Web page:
Residents are required to stay home unless procuring or providing goods and services that the county deems “essential.”
The curfew is 10:00 p.m. to 5:00 a.m. for adults. Minors are not allowed to be outside their homes at all without a parent or guardian with limited exceptions.
Cortez’s five-page order contains paragraphs of restrictions on residents’ movements and activities, including strict limits on travel and a ban on gatherings of more than ten persons.
He cited a lack of a “downward trajectory” in reported coronavirus cases as part of the basis for the new order, which lasts through August 5 unless he extends it.
While Cortez’s order does call for enforcement, it explicitly prohibits law enforcement from taking anyone into custody for failing to comply.
“No law enforcement or other official may detain, arrest, or confine in jail any person for a violation of this Order, provided however that law enforcement may enforce trespassing laws and remove violators at the request of a business establishment or other property owner,” the order states.
The order reiterates the statewide face covering requirement, but individuals are only fined for failing to adhere to the mandate after being given a verbal or written warning.
The order comes after Dr. Ivan Melendez, the county’s chief physician, said that residents could be prosecuted for failing to cooperate with the county’s coronavirus measures.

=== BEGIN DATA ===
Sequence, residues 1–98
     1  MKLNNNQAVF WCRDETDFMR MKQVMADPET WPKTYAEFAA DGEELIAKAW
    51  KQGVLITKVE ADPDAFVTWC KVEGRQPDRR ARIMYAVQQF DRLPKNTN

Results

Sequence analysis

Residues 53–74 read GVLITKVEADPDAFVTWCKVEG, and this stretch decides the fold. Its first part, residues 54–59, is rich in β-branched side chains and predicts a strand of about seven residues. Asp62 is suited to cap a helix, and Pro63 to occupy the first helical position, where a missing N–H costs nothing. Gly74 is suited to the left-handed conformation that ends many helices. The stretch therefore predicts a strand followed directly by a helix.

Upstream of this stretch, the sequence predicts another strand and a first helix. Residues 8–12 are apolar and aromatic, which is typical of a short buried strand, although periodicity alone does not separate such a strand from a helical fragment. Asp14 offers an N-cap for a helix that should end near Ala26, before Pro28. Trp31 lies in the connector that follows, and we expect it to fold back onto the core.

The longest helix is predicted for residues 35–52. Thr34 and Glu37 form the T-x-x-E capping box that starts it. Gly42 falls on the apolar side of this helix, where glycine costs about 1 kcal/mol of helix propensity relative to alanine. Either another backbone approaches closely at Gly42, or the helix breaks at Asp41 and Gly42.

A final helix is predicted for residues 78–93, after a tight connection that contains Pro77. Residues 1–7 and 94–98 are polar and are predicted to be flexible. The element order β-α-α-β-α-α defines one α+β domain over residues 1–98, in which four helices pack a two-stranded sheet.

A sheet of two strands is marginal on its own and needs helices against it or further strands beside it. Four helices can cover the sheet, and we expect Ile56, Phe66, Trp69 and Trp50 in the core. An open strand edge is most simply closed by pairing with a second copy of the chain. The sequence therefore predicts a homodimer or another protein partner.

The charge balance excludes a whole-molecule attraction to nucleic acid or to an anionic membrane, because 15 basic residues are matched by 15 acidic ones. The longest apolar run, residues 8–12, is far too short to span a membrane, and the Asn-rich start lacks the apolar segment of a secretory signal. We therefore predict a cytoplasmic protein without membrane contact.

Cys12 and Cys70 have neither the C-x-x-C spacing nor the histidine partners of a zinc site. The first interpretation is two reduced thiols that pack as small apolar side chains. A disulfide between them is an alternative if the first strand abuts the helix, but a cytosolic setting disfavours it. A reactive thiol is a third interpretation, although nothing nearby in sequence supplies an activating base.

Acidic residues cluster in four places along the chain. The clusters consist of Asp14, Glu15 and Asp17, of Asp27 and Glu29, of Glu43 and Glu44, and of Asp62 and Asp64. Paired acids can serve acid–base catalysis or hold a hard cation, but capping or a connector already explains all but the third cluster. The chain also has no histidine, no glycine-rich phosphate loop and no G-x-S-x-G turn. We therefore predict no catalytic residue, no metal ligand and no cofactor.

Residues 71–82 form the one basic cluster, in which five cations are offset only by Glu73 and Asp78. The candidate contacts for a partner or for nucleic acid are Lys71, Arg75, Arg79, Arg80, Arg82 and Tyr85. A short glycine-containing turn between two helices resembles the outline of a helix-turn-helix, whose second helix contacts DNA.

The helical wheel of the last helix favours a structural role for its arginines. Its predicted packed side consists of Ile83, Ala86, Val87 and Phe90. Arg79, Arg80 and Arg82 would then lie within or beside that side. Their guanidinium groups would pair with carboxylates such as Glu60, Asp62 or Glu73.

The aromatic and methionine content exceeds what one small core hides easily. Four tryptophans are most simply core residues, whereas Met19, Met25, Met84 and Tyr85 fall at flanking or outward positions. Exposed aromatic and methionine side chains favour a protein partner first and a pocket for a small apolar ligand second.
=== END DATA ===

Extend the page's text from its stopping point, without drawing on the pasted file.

Hidalgo County Commissioners placed the county under a similar order on March 24.
In a video explaining the March order, Cortez denied that the county’s orders constituted a lockdown or “martial law,” and repeatedly said that the county was “requesting” that residents follow certain guidelines.
Nonetheless, in the same video Cortez said that any violators could be punished via a $1,000 fine or imprisonment for 180 days.
However, after the controversy surrounding the arrest of Shelley Luther, Gov. Greg Abbott precluded confinement as a punishment for violating coronavirus restrictions.
Hidalgo County reports 7,203 active cases and 318 fatalities since the beginning of the outbreak.
The county has been in a state of disaster since March 17.
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Hayden Sparks is a reporter for The Texan. He has coached high school competitive speech and debate and has also been involved in community theater and politics. A native Texan, Hayden served as a delegate at the Republican Party of Texas Convention in 2016. He is on track to receive a bachelor’s degree in psychology from Liberty University. In his free time, Hayden is known to take walks around the neighborhood while listening to random music on Spotify.